"If you are in a firefight, for you that is the whole war," he said. "But when you get up to the operational or strategic level, you have a different view. Sometimes where you stand depends on where you sit."

He added that the forces in Iraq have yet to find any chemical or biological weapons, though troops have discovered hundreds of gas masks and protective suits. Still, he said "there is no doubt they have chemical weapons, and have them loaded in artillery shells."

In the weeks leading up to the war and its first few days, the Bush administration stressed that the primary motivation for the war was the need to find and destroy Iraq's weapons of mass destruction. But late last week the emphasis changed, perhaps because no such weapons have been found.

On Thursday and Friday, President Bush and Mr. Rumsfeld spent a lot of time talking about the brutality of the Iraqi regime. And at a briefing on Saturday, the Pentagon spokeswoman, Victoria Clarke, showed videos of Iraqis civilians killed in a chemical-weapons attack by the Hussein regime 15 years ago and a contemporary interview with an Iraqi woman who described torture and rape at the hands of the regime.

That sort of presentation was unusual for a news briefing, but Ms. Clarke said, "People seem to have been surprised at the brutality, at what the Iraqi regime is doing to some of their people."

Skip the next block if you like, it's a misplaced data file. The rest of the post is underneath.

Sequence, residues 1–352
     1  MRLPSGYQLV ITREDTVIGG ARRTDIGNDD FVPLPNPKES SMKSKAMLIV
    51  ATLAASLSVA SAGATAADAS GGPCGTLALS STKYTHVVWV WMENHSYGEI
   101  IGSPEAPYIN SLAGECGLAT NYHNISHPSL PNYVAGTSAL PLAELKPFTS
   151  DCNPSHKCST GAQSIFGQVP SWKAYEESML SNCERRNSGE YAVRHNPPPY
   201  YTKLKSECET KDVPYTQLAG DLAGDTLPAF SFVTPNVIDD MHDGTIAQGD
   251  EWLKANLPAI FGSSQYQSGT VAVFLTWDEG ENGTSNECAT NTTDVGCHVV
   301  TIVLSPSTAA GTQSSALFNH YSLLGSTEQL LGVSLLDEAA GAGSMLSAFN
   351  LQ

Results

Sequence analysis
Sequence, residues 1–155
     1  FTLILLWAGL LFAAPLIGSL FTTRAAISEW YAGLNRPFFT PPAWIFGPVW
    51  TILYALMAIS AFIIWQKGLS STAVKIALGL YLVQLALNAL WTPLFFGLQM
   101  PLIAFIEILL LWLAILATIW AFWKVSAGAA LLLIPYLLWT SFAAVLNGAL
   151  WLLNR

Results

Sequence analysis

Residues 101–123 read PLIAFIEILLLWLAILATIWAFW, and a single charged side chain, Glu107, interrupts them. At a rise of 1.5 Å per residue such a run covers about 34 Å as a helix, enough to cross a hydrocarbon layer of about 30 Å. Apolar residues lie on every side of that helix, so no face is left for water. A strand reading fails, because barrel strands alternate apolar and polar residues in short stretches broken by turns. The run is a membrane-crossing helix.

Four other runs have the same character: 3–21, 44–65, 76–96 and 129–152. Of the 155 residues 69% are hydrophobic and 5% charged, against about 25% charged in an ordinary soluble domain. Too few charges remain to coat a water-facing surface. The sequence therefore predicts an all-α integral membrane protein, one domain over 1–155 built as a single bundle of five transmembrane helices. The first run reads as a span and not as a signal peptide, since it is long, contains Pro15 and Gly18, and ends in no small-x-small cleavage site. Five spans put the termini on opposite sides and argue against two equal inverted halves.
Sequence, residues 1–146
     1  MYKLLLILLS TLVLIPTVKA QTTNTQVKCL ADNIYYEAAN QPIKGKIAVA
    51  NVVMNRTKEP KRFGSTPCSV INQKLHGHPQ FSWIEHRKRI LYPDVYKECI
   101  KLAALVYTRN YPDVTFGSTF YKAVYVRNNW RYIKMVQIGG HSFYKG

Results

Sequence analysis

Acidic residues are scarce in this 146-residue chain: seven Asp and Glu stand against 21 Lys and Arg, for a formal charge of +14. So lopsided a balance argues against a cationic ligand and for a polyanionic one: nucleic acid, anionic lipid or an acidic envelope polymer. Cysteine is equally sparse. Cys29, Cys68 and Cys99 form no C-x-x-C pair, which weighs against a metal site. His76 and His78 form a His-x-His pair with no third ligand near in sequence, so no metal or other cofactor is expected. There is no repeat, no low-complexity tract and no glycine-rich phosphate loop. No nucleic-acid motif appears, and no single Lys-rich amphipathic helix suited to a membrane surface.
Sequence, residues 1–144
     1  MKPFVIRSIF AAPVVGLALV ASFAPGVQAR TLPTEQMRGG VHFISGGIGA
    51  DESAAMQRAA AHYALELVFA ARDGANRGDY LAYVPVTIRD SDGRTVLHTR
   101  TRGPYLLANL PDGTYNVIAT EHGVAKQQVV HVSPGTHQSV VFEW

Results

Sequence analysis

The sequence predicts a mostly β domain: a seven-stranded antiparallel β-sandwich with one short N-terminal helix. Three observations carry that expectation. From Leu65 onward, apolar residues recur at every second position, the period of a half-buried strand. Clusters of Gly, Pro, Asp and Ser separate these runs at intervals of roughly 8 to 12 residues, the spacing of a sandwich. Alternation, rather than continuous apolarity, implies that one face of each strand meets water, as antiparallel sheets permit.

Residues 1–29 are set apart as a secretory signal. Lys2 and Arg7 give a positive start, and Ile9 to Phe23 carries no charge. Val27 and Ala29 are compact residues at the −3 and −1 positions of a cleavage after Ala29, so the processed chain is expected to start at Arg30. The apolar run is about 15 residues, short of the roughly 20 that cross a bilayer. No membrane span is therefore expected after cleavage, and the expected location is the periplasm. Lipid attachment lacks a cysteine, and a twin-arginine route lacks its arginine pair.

Mr. Rumsfeld continued the theme today on the NBC News program "Meet the Press," when he talked about fedayeen forces that the Bush administration now calls "death squads."

"Already they have deployed death squads into Iraqi cities to terrorize civilians and to try to prevent them from welcoming coalition forces," he said, "to compel the regular army to fight by putting guns to their head, because they know that the only way to force them to fight is Saddam Hussein. The death squads report to the Hussein family directly."

General Myers said he had no idea whether Mr. Hussein was still alive or dead but added that what the administration called the "shock and awe" bombing campaign appeared to have worked, at least in part.

"If the best they can put forward" to speak for the country "is their information minister, with troops 50 miles outside of Baghdad, I would say they are in shock," General Myers said.